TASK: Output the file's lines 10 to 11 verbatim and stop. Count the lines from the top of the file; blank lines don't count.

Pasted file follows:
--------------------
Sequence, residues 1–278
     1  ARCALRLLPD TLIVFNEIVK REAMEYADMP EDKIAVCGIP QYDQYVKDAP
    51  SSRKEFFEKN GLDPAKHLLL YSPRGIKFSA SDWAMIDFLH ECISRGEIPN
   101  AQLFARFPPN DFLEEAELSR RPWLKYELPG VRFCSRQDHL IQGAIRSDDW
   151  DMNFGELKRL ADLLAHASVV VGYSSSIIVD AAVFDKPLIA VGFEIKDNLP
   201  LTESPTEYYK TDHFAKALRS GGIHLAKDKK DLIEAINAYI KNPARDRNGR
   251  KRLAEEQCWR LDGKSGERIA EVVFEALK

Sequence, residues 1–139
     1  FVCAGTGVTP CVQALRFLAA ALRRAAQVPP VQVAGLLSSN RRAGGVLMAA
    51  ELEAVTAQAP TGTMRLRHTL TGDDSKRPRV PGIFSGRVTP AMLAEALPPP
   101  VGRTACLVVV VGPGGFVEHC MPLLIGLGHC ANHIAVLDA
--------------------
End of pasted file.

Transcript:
    51  ELEAVTAQAP TGTMRLRHTL TGDDSKRPRV PGIFSGRVTP AMLAEALPPP
   101  VGRTACLVVV VGPGGFVEHC MPLLIGLGHC ANHIAVLDA